One of the first things that a trader is taught is that “the trends is your friend,” and you have to “go with the flow.” A simple and highly popular approach which identifies the trend is the moving average. There is probably more money being traded today using moving averages than with all other technical indicators combined.
Popularity is difficult to quantify, but according to a quick review into the free indicator/EA repository of desynced.net, it is the foremost popular indicator used as a basis for EA and indicator construction:
|Popularity Rank||Indicator||EAs Based Upon||Indicators Based Upon|
|8||Larry Williams Percent Range||62||183|
|9||Movement Directional Index||59||240|
Moving averages have enjoyed such popularity because they provide the clearest method to identify a trend, smoothing the erratic data to see the trend more clearly.
Simply put, a simple moving average is the average of a currency over a set period of time. For example, a 9-day simple moving average is the average of the last 9 day’s prices. It is calculated by taking the sum of the last 9 days of a currency’s close price and then dividing by 9. It is called simple when there is equal weight given to each price over the calculation period. Other types of moving averages are weighted averages and exponentially smoothed averages, which we will discuss later.
There are three critical parts to any moving average:
- Length (and/or Time Frame)
- Calculation Method (Simple, Exponential, Smoothed, Linear Weighted)
- Crossover Method (Simple, Dual and Triple)
We will cover each in turn, exploring the variables of each, uncovering their strengths and weaknesses. All these parts must first, however, be placed in the context of the vulnerabilities of the moving average itself (its problems with lag, noise and whipsaws), for making the choice between the different methods, lengths and crossover techniques are ways of countering these vulnerabilities.
Vulnerabilities of the Moving Average
The moving average is one of the most popular and useful indicators to depict a trend, but one should also be aware of its two inherent vulnerabilities:
- It lags the markets;
- It can be subject to market noise;
- It can be vulnerable to sideways and whipsaw markets.
Let us show you an example of these vulnerabilities from a screenshot of a 25 daily simple moving average superimposed upon the EURUSD daily chart of 2011:
You can easily see that from Jan to May 1, 2011, the market had remained above the 25-day moving average, which means that it was in a strong uptrend. The moving average would have helped us see the trend and stay bullish on EURUSD for over five months. That is the strength of the moving average and during that time those who followed the trend set by the moving average would have racked up significant gains.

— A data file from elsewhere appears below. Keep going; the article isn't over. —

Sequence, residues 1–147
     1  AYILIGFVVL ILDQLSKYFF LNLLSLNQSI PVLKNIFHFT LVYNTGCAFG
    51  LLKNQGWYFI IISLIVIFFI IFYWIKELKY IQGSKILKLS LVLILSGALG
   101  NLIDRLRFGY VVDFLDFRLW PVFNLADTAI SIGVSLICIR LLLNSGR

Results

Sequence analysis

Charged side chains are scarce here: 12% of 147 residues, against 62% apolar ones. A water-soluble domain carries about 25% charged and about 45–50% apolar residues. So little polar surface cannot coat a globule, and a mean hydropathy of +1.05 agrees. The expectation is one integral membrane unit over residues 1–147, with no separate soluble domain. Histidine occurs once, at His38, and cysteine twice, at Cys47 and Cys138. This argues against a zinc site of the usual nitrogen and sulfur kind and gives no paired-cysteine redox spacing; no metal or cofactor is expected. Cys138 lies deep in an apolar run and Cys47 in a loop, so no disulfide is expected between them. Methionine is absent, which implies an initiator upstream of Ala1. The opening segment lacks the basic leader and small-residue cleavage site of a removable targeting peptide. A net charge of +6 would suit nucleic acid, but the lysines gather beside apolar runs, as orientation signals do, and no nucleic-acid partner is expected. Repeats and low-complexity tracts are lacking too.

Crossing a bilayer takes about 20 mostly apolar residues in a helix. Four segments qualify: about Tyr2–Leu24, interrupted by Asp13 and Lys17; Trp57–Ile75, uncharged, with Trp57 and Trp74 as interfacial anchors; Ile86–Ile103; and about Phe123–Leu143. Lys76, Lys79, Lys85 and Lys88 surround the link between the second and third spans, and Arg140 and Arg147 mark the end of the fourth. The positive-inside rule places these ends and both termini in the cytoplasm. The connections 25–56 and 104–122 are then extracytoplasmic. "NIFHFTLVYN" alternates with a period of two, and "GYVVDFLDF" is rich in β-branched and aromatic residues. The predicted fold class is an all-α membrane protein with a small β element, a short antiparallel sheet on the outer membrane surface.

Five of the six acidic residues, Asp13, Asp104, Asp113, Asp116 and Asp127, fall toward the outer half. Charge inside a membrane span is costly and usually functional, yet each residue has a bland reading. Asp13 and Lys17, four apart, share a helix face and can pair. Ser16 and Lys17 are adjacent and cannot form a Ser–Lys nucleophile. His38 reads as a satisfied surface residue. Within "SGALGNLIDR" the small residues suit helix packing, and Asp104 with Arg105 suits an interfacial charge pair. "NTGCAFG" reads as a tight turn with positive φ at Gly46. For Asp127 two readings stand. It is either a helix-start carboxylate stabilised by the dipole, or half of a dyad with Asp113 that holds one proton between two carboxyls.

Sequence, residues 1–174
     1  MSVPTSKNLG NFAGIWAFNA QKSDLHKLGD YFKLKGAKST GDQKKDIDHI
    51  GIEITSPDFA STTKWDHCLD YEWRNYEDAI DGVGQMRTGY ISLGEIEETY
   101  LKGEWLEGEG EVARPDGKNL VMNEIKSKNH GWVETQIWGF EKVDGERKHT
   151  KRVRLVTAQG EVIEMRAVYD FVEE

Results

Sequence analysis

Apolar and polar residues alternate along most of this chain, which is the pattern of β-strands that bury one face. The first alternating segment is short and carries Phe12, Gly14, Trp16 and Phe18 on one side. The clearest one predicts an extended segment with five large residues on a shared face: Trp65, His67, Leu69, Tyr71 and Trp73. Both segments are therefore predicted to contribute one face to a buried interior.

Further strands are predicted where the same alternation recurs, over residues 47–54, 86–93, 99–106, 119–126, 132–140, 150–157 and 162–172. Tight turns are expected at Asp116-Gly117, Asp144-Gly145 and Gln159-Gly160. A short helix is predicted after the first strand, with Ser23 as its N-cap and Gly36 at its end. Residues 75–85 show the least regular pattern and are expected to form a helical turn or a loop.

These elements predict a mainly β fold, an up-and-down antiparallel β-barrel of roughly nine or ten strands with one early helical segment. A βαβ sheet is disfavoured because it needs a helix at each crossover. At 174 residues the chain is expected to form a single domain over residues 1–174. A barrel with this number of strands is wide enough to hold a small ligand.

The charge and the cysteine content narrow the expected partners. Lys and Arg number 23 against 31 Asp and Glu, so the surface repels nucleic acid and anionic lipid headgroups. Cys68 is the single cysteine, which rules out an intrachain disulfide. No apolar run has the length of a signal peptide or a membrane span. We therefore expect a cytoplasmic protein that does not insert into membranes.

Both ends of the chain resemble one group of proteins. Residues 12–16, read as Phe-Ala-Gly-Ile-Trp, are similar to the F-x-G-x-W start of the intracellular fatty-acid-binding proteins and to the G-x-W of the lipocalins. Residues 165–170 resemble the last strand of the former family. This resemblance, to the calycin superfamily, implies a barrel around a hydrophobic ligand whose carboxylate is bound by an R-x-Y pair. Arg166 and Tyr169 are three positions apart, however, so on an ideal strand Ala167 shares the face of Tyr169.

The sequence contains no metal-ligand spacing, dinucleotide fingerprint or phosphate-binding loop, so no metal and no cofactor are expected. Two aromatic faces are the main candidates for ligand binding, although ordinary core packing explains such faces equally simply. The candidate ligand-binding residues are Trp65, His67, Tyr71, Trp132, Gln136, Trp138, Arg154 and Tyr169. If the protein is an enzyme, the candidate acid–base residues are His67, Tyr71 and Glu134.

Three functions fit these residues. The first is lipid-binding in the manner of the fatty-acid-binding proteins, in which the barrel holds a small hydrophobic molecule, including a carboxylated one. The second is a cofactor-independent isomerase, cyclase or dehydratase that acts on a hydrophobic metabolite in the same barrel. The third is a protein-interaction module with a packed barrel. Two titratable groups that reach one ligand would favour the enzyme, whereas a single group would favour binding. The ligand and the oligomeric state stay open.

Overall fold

Now let us examine three weaknesses of the moving average over the same period. The first weakness is that when the trend changed direction in early May, the moving average did not show this trend change till 400-500 pips later, until price crossed under the moving average at 1.4300. This is the problem of lag, which means that a significant move will have already occurred before the indicator was able to generate a signal. The second weakness is that in the middle of February the market dipped briefly below the moving average, signaling a false trend change. You can see another false trend change occur earlier in December when the market briefly rose above the moving average. This is the problem of market noise, a term that refers to all the price data that distorts the picture of the underlying trend, such as small corrections and intraday volatility. The third weakness can be seen from May to September 2011, where the market stayed in a sideways, very noisy, very narrow 300 pip range, with the market weaving up and down through the 25-day moving average. This is the problem of a sideways and noisy market. This sideways, noisy period would have represented significant losses for traders employing moving averages as they would have entered and been beaten up on numerous fake trend signals and subsequent stop-outs. Let us go over these three weaknesses in turn.
Weakness #1: The Problem of Lag
We have to remember that the moving average is trend-following. It can follow the trend when it is already developed but it cannot forecast a new one. In fact, it is a lagging indicator, in that it can still be rising after the price has hit resistance and crashed. In the picture above, the moving average was still rising when the EURUSD hit resistance at 1.4900 and crashed down 500 pips on May 5, 2011. You would have been able to catch some of the fall, as the price fell below the 1.4300 moving average and hit the floor of 1.3900, but it would have been nice to be able to catch more of the move from when it happened.